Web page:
10/16/14 The Quan Tang shi and Topic Modeling: An Experiment in Macroscopic Literary Analysis

October 13, 2014
The Quan Tang shi and Topic Modeling: An Experiment in Macroscopic Literary Analysis

Jack W. Chen - Associate Professor, Chinese Poetry and Thought, Asian Languages & Cultures, UCLA

Thursday, October 16, 2014 - 4:00pm to 5:30pm
Room 217A, Hall of Graduate Studies See map
320 York Street

New Haven, CT 06511

What does it mean to write literary history? How is it possible to reduce the vast arrays of literary data into a comprehensible historical narrative? And since it is not possible to include all literary data, then what is selected and what is omitted, and how are the selections representative of the whole of the data? This talk will take up the relationship between data and literary historical knowledge, focusing on the Quan Tang shi 全唐詩, the massive comprehensive anthology of Tang poetry that was produced during the Qing dynasty. The methodology that Chen employs is that of topic modeling, a form of text mining that identifies latent semantic patterns within a set of documents. Chen’s talk will argue that the sheer quantity of Tang poetry requires a macroscopic, rather than microscopic perspective, and that the traditional methodology of close reading should be supplemented by computational approaches. Chen will also introduce the set of digital tools that he (along with his team at UCLA) are currently developing for the analysis of digitized East Asian textual corpora.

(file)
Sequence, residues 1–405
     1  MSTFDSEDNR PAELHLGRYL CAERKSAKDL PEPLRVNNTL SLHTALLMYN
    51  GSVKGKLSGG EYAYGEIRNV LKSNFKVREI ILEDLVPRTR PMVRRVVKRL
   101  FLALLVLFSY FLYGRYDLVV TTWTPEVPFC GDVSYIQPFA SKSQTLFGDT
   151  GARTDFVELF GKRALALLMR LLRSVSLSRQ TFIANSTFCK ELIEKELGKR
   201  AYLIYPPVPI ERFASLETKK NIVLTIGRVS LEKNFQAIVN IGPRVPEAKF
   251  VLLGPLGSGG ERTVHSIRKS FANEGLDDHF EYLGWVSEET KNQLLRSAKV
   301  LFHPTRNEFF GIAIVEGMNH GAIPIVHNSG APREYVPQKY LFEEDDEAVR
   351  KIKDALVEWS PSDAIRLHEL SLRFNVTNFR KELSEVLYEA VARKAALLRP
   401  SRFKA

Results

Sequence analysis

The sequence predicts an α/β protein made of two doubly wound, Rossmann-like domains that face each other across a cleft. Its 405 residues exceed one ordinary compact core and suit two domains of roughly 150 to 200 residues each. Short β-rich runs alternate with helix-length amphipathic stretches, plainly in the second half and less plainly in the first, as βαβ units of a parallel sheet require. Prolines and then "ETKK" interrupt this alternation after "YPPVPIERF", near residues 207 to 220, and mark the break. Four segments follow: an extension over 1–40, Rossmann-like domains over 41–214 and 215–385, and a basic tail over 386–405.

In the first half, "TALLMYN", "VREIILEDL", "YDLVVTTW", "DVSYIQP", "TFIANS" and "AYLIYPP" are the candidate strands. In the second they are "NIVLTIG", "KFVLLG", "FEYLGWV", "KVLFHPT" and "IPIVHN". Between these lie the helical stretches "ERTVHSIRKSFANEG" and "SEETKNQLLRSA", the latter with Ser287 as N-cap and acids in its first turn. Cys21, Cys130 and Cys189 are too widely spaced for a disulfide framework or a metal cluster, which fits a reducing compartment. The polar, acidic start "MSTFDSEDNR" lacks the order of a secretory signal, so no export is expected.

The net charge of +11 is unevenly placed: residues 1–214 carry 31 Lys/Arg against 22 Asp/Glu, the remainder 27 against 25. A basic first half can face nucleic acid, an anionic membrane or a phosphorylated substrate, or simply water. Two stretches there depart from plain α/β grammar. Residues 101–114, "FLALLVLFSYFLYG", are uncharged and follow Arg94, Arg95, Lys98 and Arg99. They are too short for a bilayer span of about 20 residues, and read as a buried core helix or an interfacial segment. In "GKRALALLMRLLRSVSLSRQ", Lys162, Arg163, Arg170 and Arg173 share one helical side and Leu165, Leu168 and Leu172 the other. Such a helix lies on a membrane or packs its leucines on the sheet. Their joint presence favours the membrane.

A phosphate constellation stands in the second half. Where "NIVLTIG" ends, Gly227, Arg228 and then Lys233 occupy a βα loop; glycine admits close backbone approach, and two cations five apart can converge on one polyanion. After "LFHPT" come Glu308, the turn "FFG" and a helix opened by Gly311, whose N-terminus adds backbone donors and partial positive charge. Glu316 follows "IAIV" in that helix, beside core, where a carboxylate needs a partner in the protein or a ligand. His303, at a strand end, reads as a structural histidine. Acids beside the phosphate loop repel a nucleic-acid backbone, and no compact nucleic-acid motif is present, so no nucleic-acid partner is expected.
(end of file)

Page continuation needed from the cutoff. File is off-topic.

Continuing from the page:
Jack W. Chen is an associate professor of Chinese poetry and thought.  He received his PhD from the Department of Comparative Literature at Harvard, his MA from the University of Michigan, Ann Arbor, and his BA from Yale.  His research interests span the Han through Northern Song periods, and are divided between classical poetry and certain prose genres (zhiguai, biji, chuanqi).  His book, The Poetics of Sovereignty: On Emperor Taizong of the Tang Dynasty, was published by the Harvard University Asia Center in 2010.  He has also published articles on imperial poetry, gossip and historiography, silent reading, donkey braying, and coinage.  His current work — a study of the Shishuo xinyu — is informed by data visualization and network theory.  He is also co-editor, with David Schaberg, of a forthcoming edited volume of essays on gossip and anecdote in traditional China.


- See more at: http://ceas.yale.edu/events/quan-tang-shi-and-topic-modeling-experiment-…